Northern Blotting of the Luciferase transcript
To investigate whether an intrinsic difference exists in transcription efficiency or in translation efficiency, the amount of the luciferase mRNA present in the liver of rats was determined after administration of 1010 iu Ad5 Adapt Luc intravenously. As depicted in Fig. 7, the northern blot of the liver RNA shows about 10 times more luciferase mRNA in the liver of the Brown Norway rats than in the Wag / Rij rats. These findings leave open only two options to explain the difference in protein levels observed, namely an intrinsic difference in transcription efficiency (under the CMV promoter) or a difference in RNA stability.
It has been suggested that, after iv administration, low dose intravenous adenoviral vectors are taken up by Kupffer cells and degraded quickly within a few hours [1, 9] whereas higher doses saturate these cells and the surplus productively transduce hepatocytes. Therefore, we used doses (109 iu – 1010 iu) that are in the linear part of the dose response curve and well above the threshold effect. In both rat strains, 2 days after intravenous delivery of the vector, the β-Galactosidase was observed only in the hepatocytes. Consequently, it may be concluded that the bulk of the adenoviral genomes in the liver is localized in the hepatocytes.
After correction for the extraction efficiency of DNA, an average of 2.6 109 copies of vector genome were detected in the livers following administration of 1010 iu Ad5 Adapt LacZ. At this dose 75% of the hepatocytes stained positive for β-Galactosidase. It is estimated that the liver of a 350 g rat contains about 1.8 109 hepatocytes . Thus the average number of infectious units per hepatocyte is about 1.5. It is assumed that the infection of hepatocytes by the adenoviruses is a random event following the Poisson distribution. Then, this event will occur at least one time in 75% of the cases when the expected number of occurrences is 1.5. As about 75% of the hepatocytes stained blue following injection of 1010 iu, an hepatocyte will stain blue if it has incorporated one copy of the vector. Poisson probability calculations show also that under these conditions the infection occurs twice in 40% and three times in 20% of the hepatocytes. This variation in the number of adenoviral copies per cell can explain the variation of the staining intensity per cell within one liver, from light to dark blue.
In each of the vectors used in this study the transgene was under the control of the CMV immediate early promoter. It was determined, by Norther Blots, that the amount of transgenic mRNA was also different in both rat strains. Thus, the difference in vector encoded protein production found is due to difference in transgene transcription or difference in RNA stability.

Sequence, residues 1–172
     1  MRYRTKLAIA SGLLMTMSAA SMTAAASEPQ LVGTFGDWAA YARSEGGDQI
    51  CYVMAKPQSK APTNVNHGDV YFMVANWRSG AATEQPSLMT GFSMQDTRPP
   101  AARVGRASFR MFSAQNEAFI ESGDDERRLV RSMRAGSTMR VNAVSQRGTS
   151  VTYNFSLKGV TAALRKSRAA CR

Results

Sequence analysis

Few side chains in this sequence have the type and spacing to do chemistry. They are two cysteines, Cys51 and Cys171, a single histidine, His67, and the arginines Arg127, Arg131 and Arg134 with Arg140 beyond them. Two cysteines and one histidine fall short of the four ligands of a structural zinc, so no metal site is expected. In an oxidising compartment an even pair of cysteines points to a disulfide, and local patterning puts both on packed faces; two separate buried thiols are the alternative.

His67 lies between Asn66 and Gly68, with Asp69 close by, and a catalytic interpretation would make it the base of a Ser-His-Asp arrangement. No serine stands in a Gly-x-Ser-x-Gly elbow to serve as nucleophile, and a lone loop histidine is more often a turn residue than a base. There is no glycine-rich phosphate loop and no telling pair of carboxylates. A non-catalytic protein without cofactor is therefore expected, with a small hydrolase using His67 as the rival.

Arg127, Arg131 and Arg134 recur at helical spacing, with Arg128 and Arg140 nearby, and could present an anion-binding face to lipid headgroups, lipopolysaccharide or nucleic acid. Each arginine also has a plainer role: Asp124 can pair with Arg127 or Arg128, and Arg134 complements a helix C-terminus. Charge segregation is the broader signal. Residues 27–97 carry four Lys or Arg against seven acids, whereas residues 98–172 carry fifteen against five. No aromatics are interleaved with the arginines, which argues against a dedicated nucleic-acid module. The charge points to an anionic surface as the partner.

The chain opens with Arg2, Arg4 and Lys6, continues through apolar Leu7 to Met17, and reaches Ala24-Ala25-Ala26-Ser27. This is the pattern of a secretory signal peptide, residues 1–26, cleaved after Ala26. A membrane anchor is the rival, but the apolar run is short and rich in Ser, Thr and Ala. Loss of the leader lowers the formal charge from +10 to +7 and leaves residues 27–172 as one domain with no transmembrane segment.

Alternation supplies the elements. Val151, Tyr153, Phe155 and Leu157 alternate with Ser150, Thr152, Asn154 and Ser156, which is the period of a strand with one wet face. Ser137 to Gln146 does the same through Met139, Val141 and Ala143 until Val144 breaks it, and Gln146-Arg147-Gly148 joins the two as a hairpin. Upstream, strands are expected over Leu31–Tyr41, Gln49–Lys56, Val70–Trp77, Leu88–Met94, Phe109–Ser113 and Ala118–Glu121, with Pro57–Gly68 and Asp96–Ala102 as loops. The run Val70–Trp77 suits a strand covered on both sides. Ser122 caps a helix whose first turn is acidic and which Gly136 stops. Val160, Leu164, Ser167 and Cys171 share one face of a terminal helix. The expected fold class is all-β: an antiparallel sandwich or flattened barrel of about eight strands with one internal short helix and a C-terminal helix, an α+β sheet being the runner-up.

As expected, a difference in protein levels was observed following 3 different doses of the vector 109, 3 109 and 1010 iu. However, the lower the dose, the smaller is the difference of protein expression between the two rat strains. This might be explained by a saturation of the transgene expression machinery in the Wag / Rij hepatocytes at the higher doses.
The different protein expression in Wag / Rij and Brown Norway rats was observed with 4 different transgenes (Luciferase, β-Galactosidase, endostatin and mhATF-BPTI) and at several different doses. Our experiments localised the mechanism of this difference at the transcriptional level and disqualified the hypothesis based on immunological induced death of the infected cells. Nevertheless, the differences of transcription efficiency observed between the two rat strains might be due to different cytokine production following the adenoviral infection. It was shown that the adenoviral infection of the liver activates the innate immunity with increase NK cells and cytokines production (INF-γ, TNF-α, IL-12, IL-6) [11–14]. Further, differences of this activation between mouse strains were associated with variation in adenovirus transgene expression [11, 13]. However it was demonstrated that no activation of the innate immunity and that no difference of transgene expression could be observed before the seventh day after the adenoviral administration . Furthermore the decrease of transgene expression after activation of the innate immunity following i.v. administration of adenovirus was due to decrease of the number of infected cells and a corresponding diminution of the viral DNA in the liver . Our results do not show such results. However, in such perspective we measured the serum level of INF-γ in both rat strains 2 days after the vector administration and no difference could be observed (60 ± 14 pg / ml in the Wag/Rij rats versus 65 ± 18 pg / ml in the Brown Norway rats). Nevertheless, difference of intracellular cytokine response to the adenoviral infection might explain the difference in transcription efficiency.
In general, differences between inbred strains are considered to reflect differences between individual members of outbred species. If the variation observed in the rat strains described here would hold for individual humans, the therapeutic efficiency of gene transfer could drastically vary from one patient to another after systemic administration of adenoviral vectors.